1 µg/kg (max 200 µg) in an infusion or by a slow injection 1,5-2 µg/kg (MR 4 µg/kg) Max 200 µg1-4 µg/kg x 31-4 µg/kg x 30,1-0,3 µg/kg/tim


Dosage interval: 2-4- (6) μg/kg. Dose: We recommend 3 μg/kg. Children <3 years and all children with ENT surgery 2-3 μg/kg. For an eample; the weight of a child is 15 kg x 3 μg/kg = 45 μg gives 2.2 ml (20 μg/ml) clonidine hydrochloride.


Provides a good premedication for small children who come for ENT surgery and anesthesia. Injection dexmedetomidine (Dexdor®) 100 μg/ml can be given both nasally and buccally. Nasal administration is preferred as it provides better absorption and faster effect. The solution has no taste and does not scratch the nose. Dexmedetomidine is a specific alpha2 receptor agonist and its effect is similar to Clonidine, but more pronounced. The main effects are sedation and some analgesia. Dexmedetomidine has a shorter half-life, approximately 2 hours versus Clonidine 5-10 hours. Onset time is significantly longer compared to orally administered Midazolam, approximately 20-40 minutes.


Children 1-3 years are given 1 μg /kg. Children 3-10 years are given 1-2 μg/kg. Children over 10 years of age are given 1-3 μg/kg. The dose may be increased with increasing age to a maximum of 3 μg /kg. Easily, nasal administration is performed with MAD (Mucosal Atomization Device) or MADdy (Pediatric Version) connected to a syringe. Ordinary dose of drug is diluted to the desired volume (usually 0.3-0.5 ml) with physiological saline.


The children must have the presence of parents or staff during the waiting period after application. Peroperative monitoring of blood pressure and ECG. The child may need a prolonged awakening time compared to patients without premedication.

Paracetamol (acetaminophen)

Administered alone or in combination. Common combinations of premedication in children usually contain paracetamol (30 mg/kg x 1) with benzodiazepines or benzodiazepine-like drugs, sometimes with the addition of an NSAID preparation or atropine. Paracetamol is given either as a tablet, oral suspension or as a suppository (Table 6). Children under 6 months are usually not premedicated. Several different drug combinations are common. Different variants of sedative sympathetic stimulants have become more common lately as premedication, such as clonidine and dexmedetomidine. These are usually given as oral solutions but may also be administered intravenously. Routinely, dosage of paracetamol (max oral 30 ml/kg) is given in premedication. Common practice is to give oral paracetamol 24 mg/ml, 1 ml/kg in the care department for most operations. Prior to more painful surgery, children >6 months often receive NSAIDs.

Premedication and Maintenance Therapy with Paracetamol for Children 6-25 kg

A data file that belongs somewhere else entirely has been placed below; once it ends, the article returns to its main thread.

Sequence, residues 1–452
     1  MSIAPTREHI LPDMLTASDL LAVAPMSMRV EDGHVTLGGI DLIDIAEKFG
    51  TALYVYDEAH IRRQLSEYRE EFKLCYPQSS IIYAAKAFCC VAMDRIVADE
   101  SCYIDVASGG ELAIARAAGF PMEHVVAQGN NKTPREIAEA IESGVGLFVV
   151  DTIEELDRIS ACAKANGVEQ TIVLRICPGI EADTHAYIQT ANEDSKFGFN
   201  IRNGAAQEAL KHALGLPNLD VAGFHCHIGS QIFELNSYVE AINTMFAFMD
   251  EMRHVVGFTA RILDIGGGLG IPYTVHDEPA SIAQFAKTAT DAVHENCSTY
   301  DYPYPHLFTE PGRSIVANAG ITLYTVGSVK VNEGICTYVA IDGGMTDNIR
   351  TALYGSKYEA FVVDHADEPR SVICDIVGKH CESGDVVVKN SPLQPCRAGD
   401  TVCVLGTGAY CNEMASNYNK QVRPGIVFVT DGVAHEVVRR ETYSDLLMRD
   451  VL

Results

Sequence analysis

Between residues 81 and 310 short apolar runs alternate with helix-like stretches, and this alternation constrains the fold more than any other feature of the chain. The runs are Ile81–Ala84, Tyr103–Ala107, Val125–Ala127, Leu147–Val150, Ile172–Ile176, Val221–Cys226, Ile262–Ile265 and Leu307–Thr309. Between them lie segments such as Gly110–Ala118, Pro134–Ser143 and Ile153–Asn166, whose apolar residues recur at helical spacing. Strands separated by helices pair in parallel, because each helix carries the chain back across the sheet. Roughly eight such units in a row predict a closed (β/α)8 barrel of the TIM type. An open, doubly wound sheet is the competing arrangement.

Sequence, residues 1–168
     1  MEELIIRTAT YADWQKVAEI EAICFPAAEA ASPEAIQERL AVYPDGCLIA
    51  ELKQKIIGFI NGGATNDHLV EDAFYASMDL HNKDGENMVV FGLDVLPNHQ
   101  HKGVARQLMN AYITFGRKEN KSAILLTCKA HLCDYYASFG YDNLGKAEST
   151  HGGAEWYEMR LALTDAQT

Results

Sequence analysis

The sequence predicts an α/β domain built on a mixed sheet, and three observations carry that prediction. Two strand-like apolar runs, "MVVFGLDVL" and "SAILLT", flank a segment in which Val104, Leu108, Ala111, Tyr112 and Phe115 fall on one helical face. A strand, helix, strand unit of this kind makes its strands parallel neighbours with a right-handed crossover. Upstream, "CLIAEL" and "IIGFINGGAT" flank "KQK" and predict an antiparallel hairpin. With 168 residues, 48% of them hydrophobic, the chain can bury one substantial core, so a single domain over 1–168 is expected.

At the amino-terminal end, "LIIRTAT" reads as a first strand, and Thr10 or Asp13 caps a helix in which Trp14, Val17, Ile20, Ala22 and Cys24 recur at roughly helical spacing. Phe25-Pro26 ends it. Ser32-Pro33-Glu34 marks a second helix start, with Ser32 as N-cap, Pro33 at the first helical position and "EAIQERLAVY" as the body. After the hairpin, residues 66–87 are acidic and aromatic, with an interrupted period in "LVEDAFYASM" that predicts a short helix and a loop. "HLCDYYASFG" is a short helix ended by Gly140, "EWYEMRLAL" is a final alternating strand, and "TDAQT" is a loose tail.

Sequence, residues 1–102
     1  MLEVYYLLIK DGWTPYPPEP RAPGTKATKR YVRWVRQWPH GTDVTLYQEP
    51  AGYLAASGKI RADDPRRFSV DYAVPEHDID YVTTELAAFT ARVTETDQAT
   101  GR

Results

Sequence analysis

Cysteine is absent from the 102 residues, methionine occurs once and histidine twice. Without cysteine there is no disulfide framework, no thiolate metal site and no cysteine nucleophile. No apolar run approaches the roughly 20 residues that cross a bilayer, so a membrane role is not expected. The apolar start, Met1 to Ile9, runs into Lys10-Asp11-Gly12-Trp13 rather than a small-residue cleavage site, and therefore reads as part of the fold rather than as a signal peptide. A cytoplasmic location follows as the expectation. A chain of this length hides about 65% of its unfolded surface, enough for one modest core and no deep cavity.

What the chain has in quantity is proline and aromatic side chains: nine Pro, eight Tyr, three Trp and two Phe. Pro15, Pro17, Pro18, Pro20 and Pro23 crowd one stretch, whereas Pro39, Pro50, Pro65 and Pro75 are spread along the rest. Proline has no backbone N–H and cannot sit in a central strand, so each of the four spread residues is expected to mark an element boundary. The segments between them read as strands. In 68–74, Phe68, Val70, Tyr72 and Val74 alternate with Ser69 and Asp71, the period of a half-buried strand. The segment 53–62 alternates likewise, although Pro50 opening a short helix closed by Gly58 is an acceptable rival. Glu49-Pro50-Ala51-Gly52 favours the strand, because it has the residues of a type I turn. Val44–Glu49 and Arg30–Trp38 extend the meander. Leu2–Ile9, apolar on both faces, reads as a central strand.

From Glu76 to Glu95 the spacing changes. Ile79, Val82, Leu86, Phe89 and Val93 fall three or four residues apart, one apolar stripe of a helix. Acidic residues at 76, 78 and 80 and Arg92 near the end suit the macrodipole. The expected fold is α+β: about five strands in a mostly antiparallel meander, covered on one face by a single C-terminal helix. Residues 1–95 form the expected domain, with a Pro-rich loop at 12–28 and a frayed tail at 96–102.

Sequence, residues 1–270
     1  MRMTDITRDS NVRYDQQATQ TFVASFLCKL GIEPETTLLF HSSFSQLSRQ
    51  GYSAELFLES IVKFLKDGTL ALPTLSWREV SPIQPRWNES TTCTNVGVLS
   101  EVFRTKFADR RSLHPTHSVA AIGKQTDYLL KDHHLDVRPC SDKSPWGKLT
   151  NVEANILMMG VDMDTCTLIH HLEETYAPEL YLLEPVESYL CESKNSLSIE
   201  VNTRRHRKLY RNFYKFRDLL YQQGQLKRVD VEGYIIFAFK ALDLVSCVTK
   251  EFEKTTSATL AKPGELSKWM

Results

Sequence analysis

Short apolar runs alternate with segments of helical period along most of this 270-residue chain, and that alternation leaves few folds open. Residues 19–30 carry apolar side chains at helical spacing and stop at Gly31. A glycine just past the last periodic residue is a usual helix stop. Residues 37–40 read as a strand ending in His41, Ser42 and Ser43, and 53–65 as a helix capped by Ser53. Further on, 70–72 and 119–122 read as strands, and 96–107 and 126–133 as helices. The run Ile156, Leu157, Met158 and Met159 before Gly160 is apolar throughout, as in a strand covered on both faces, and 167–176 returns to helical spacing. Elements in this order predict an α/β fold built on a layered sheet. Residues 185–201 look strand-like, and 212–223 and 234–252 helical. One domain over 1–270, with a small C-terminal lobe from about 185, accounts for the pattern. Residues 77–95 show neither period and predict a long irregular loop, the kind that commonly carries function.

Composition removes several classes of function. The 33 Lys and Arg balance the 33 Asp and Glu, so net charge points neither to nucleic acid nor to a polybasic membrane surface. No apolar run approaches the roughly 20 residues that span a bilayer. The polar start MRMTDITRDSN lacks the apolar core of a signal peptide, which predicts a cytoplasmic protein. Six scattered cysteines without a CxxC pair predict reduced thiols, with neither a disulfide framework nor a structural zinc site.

Premedication Maintenance first 2 days
dosage 20 mg/kg body weight
Child weight (kg)Oral solution Paracetamol 24 mg/mlSupp Paracetamol (mg)Tablet Paracetamol (mg)Oral solution Paracetamol 24 mg/mlTablet Paracetamol (mg)Supp Paracetamol (mg)
6 - 8 kg8,5 ml250 mg-2,5 ml x 4-60 mg x 4
8 - 10 kg12 ml310 mg-3,5 ml x 4-125 mg x 3
10 - 12 kg14 ml375 mg-5 ml x 3-125 mg x 4
12 - 15 kg17,5 ml500 mg-5 ml x 4-185 mg x 4
15 - 20 kg22 ml625 mg-7,5 ml x 4-250 mg x 3
20 - 25 kg28 ml750 mg500 mg10 ml x 4500 mg x 3250 mg x 4
Intravenous Paracetamol Dosage for Children
Paracetamol intravenously10 mg/ml
Weight (kg)Dosage
<1 mån7,5 mg/kg
>1 mån15 mg/kg
4 - 10 kg6 - 15 ml x 4
10 - 20 kg15 - 30 ml x 4
20 - 33 kg30 - 50 ml x 4
33 - 50 kg50 - 75 ml x 4
50 - 66 kg75 - 100 ml x 4
>66 kg100 ml x 4
Paracetamol Dosage for Children Orally or Rectally
Loading dose  Maintenance dose  
Weight (kg)Oral solution 24 mg/mlSupp.Weight (kg)Oral solution 24 mg/mlSupp.
32,5 mlS. 60 mg32,5 ml x 3S. 60 mg x 3
43,5 mlS. 60 mg43,5 ml x 3S. 60 mg x 4
55 mlS. 125 mg54 ml x 4S. 125 mg x 3
6 - 87 mlS. 250 mg6 - 85 ml x 4S. 125 mg x 4
9 - 1212 mlS. 310 mg9 - 127,5 ml x 4S. 185 mg x 4
13 - 1516 ml13 - 1511 ml x 4
Weight (kg)Oral solutionTabletWeight (kg)Oral solutionTablet
16 - 1920 mlT. 500 mg16 - 1913 ml x 4T. 250 mg x 4
20 - 2425 mlT. 500 mg20 - 2417 ml x 4T. 500 mg x 3
25 - 3030 mlT. 750 mg25 - 3021 ml x 4T. 500 mg x 4
31 - 3440 mlT. 1000 mg31 - 3425 ml x 4T. 750 mg x 3
35 - 4240 mlT. 1000 mg35 - 4230 ml x 4T. 750 mg x 4
43 - 5050 mlT. 1250 mg43 - 5035 ml x 4T. 1000 mg x 3
50 - 7060 mlT. 1500 mg50 - 7040 ml x 4T. 1000 mg x 4
>70 kg80 mlT. 2000 mg>70 kg40 ml x 4T. 1000 mg x 4

Benzodiazepines – alone or in combination.

A common combination for small children (< 20 kg) is midazolam + atropine in a solution as premedication. This combination is dosed according to a schedule based on weight. Midazolam often leads to a trouble-free peripheral venous catheterization (PVC) if a topical analgetic such as EMLA has been used initially. Midazolam can be given either rectally, 0.3 mg/kg (max 10 mg), or as nasal spray 0.2 mg/kg (max 5 mg) and orally 0.5 mg/kg (max 15 mg).

Midazolam Dosage for Sedation of Children
0,1 mg/kg (max 5 mg)0,2-0,3 mg/kg (max 7,5-10 mg)0,2 mg/kg (max 5 mg)0,3-0,5 mg/kg (max 10-15 mg)
An additional dose can be given according to the schedule below
0,05 mg/kg (after 5 minuter)0,05 mg/kg (after 20 minuter)0,05 mg/kg (after 10 min)0,05 mg/kg (after 20 min)
At least one hour of monitoring after the last doseAt least one and a half hour of monitoring after the last doseAt least one hour of monitoring after the last dose